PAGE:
When Stoke City took down their old scoreboard after a brilliant 2-1 win over Arsenal in 2008 – what a way to bow out, by the way – did you ever stop to wonder where it went?
The pixelated screen had been in use in good times and bad over the preceding 11 years since the club had upped sticks from the Victoria Ground – and was to be replaced by a 9×5 metres LED giant that would in turn make way when a corner was filled in three years ago.
There had been some brilliant results on that board, not least Stoke City 0 Leicester City 0 in May 2008.
And there had been scorelines which hadn’t even happened…
But where did it go?
Well, it was sold to Farnborough for £5,000 after Dave Kemp was contacted by the non-leaguers’ then-owner Simon Hollis. It was on show for the next few seasons in the Southern League Division One Central, with a surround sponsored by a local drive-thru McDonald’s.
And it is not the only old feature from Stoke HQs past and present to extend its life beyond the Potters. After all, the club made £63,000 with an auction at the Victoria Ground that helped to fund the building project of the new stadium 20 years ago.
Seats from the Vic’s Boothen Stand ended up at places including Fulham’s Craven Cottage, Whitchurch Alport … and Stonefield Barbers in Stone.
Farmer paid 7p for 2,896 seats
Fans tried to get their hands on few too… although when David Beresford went to buy six he ended up splashing out 7p for 2,896 after auctioneers told him the only ones left were for sale as a job lot. He needed to hire a 17-ton truck and organised a farmyard sale to sell them individually, raising £3,000 for Macmillan Cancer Support.
“I only wanted to get about six seats, so I bought a catalogue for the auction and when I phoned up I was told there’d been no bids on the seats,” he told the Sentinel 10 years later.
“This was at five minutes to five when the auction was about to close, so I offered seven pence. Because there’d been no other bids they had to take it, though the catch was they all had to be moved by Friday and it was already Wednesday. My wife came down and helped bag up the seats so we knew exactly where they’d been taken from and they were stacked like that, so when people came to find their seat they could get them more easily. People were delighted to pay £10 for their seat.”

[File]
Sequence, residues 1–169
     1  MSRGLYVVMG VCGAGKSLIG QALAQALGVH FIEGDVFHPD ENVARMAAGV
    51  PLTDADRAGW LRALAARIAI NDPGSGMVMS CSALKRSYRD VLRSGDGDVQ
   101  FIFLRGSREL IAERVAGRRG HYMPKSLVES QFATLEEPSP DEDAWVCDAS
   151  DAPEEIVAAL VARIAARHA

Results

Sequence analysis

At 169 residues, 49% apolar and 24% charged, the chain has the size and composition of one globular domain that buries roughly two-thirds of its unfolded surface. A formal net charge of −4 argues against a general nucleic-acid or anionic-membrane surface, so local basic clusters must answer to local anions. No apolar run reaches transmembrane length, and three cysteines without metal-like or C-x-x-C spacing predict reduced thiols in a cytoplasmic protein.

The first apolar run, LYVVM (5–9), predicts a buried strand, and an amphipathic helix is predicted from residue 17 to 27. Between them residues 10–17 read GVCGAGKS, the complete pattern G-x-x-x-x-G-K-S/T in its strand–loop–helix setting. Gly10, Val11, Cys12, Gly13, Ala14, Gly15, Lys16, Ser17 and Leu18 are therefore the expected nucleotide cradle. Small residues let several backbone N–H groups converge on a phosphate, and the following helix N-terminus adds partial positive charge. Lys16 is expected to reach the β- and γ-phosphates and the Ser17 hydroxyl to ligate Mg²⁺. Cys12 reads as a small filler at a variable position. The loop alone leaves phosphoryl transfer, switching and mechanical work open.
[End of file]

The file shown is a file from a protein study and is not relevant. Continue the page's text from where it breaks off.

Victoria Ground floodlights went to Port Vale
Port Vale became the new owners of half the floodlights – 24 lights which were incorporated into their existing pylons.
Turnstiles ended up in all manner of places. Supporter Andy Bailey had one in his Kidsgrove garden. Roy Ridge had one in his old coal shed in Hanley, Phil Eccleston had one inside his terrace in Cobridge and cousins Ben and Michael Dyer put one in the bar in the Red House in Longton.
The subs’ bench stayed in Stoke
Mark Powell bought the sub’s bench for £10 to put in front of his house in Fletcher Road, Stoke. We don’t know what happened to Sammy Chung’s dug-out.
A corner flag from the final season at the Vic now sits in the office of award-winning photographer Carl Recine.
The massive old Stoke shield went to the Victoria Hotel. Signs, memorabilia and parts of the old pitch – sold off for £12.50 a square yard but you had to dig it out yourself – are still being manicured as lawns across the land, except the centre-spot, which was dug up and re-laid in Trentham Lakes.
And the scoreboard isn’t the only thing to have already been recycled at the bet365 Stadium.
Seats which were replaced in last summer’s re-brand were donated to clubs including Newcastle and Hartshill Cricket Club and Abbey Hulton United FC.
And walkers in Froghall Wharf in the Moorlands get a surprise when they see the old foldable tunnel. It used to lead into the bear pit … and now it leads into a shed.